Are you struggling with tough invasive like garlic mustard and reed canary grass? This is a great time to put a serious hurt on these super species. It is also among the most economical times to get your revenge.

By now, native plants have gone dormant. The landscape should by and large be brown and tan. For landowners, who are battling any number of exotic weed species, the remaining green is a bitter reminder of their problem.

Fortunately, this green also represents a unique opportunity. Since native plants are safely sleeping beneath the soil, landowners are free to use non-selective herbicides that would otherwise harm beneficial plants. Chief among these is glyphosate, which is cheap and highly effective.

Those living plants that are sprayed now will either be killed outright or severely weakened so that they are unable to survive the stress of winter. By contrast, application made in spring or summer might stress but not kill something like reed canary grass, which could substantially recover before the arrival of winter.

Glyphosate is short lived, breaking down in the soil in just a couple weeks. This means that wildflowers and native grasses that emerge in the spring will be unaffected by fall spraying.

I still avoid broadcast spraying in most situations because it is wasteful. Spot spraying is way easier when your green target weeds stand out so well. This tactic is especially useful in situations where weeds are scattered among more rate native plants I want to protect.

Depending on weather, this window can be short. Snow and hard freezes will force even hearty weeds into dormancy. Herbicides tend to be more readily taken up on warm sunny fall days. 

Herbicide needs to be part of an integrated weed management approach that includes management tools like controlled fire, cover crops and mowing. As always, follow label directions to minimize the amount of chemical used while making sure it will do its job.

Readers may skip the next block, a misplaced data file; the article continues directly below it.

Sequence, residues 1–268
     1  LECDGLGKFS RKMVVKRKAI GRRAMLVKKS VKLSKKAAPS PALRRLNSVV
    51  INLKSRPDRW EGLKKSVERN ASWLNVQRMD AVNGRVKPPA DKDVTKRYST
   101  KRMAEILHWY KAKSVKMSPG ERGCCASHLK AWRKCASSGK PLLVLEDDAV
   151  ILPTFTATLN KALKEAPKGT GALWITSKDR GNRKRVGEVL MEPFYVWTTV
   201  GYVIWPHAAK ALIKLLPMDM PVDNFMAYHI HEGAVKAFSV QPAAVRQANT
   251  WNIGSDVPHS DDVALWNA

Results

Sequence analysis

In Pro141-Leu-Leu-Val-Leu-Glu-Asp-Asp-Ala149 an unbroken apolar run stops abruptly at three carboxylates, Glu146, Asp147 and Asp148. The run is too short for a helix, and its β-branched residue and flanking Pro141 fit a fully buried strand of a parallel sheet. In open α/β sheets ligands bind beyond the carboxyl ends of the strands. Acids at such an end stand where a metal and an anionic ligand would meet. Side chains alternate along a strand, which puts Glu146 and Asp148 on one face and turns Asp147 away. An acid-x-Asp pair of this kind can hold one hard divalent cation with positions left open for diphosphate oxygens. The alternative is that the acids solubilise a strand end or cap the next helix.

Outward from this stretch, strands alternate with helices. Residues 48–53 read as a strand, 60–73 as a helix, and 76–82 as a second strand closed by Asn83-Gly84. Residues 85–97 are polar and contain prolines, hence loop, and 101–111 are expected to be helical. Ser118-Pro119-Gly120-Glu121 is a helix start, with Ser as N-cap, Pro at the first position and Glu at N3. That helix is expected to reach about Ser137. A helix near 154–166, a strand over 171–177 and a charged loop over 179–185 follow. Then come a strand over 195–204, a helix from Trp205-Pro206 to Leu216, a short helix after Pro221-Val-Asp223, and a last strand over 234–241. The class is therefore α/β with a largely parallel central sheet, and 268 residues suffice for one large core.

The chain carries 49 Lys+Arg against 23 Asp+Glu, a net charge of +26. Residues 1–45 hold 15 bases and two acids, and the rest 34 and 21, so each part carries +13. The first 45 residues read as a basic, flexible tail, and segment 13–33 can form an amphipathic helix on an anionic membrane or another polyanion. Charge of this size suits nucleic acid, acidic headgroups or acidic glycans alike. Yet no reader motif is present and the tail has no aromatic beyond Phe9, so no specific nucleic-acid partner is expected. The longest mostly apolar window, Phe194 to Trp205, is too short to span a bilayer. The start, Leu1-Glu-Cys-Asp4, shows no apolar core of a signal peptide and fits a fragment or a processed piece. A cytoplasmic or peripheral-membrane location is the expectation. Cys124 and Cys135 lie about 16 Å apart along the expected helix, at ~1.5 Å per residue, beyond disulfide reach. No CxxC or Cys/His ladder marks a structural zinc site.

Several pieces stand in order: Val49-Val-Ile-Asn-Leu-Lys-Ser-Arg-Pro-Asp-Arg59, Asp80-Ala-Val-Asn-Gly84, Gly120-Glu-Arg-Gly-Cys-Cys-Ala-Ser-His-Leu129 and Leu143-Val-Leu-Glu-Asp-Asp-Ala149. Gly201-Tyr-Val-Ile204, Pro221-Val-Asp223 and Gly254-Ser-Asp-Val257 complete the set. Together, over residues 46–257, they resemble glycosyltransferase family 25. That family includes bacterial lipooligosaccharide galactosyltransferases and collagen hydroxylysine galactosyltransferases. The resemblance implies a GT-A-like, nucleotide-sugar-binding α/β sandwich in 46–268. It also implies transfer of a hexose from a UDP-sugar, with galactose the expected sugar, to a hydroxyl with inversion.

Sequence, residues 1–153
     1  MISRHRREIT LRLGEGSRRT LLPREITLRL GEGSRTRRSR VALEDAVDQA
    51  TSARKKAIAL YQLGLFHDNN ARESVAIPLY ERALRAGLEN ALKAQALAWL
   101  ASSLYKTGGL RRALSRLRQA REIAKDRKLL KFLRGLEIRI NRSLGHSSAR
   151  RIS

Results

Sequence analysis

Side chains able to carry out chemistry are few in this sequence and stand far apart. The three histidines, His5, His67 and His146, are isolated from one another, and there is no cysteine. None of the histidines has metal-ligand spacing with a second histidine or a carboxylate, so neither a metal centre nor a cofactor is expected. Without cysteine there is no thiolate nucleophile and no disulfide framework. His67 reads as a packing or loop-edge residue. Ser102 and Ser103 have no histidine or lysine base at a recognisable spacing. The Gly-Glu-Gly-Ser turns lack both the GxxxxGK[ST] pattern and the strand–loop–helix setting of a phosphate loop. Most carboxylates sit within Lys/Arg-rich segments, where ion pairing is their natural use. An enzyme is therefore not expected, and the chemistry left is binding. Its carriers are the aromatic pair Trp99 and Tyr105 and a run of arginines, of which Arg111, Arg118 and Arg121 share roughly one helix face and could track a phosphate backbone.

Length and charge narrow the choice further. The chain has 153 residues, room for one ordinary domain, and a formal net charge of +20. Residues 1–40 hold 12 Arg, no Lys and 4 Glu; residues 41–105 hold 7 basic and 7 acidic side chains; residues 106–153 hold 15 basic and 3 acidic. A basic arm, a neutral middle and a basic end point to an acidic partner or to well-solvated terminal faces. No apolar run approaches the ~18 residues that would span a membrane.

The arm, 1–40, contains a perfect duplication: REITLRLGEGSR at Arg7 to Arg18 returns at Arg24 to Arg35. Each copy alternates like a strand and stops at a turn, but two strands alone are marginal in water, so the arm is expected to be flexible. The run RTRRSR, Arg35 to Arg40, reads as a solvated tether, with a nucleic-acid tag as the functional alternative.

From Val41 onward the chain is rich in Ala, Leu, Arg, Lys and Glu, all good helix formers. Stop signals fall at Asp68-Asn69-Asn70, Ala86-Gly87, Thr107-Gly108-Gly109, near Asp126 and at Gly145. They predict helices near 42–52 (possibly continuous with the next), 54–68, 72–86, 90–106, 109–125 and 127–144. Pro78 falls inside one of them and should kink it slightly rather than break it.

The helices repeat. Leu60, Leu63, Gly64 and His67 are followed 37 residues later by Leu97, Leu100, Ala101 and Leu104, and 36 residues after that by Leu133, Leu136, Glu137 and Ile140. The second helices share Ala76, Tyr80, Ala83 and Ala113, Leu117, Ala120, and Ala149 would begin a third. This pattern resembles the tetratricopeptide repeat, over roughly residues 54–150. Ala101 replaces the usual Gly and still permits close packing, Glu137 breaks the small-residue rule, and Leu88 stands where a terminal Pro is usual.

April 2017

Friday, 14 April 2017

Bag ‘Em Danno

Garlic mustard can be pulled or cut, as well. Plants need to be bagged and removed as they produce allopathic chemicals that will continue to suppress native plants if the dead garlic mustard is left not he ground. The other reason for bagging and removing garlic mustard is that plants that have flowered will use their remaining nutrients to produce mature seed even after the plant is pulled.

Folks who live in southeastern Wisconsin can participate in 2017 Garlic Mustard Pull-A-thon. Sponsored by the Southeastern Wisconsin Invasive Species Consortium, Inc. (SEWISC), it is an annual fundraiser event, that encourages youth and adults throughout southeastern Wisconsin to protect their woodlands by pulling this invasive plant.  The goal this year is to pull 10,000 pounds and raise essential funds for the fight against invasive species!

Head to the Wisconsin DNR website for more information about controlling garlic mustard.

Monday, 10 April 2017

Fired Up Over Garlic Mustard

Photograph by: Paul Bolstad, University of Minnesota, Bugwood.org

My favorite method to control garlic mustard is with prescribed fire. Not only does it kill the weeds and their seed in the soil, it stimulates fire adapted native plant seeds to germinate. Not only will the fire control garlic mustard, but it suppresses the invasive shrubs that have degraded so much of our woodlands in Wisconsin.

photograph by Mark Horn, Conservation Media LLC

Unfortunately, you must have a trained and well equipped which most private landowners find too difficult to find or expensive to afford. Garlic mustard also often grows in areas that lack enough ground fuel to carry fire through the weed patches.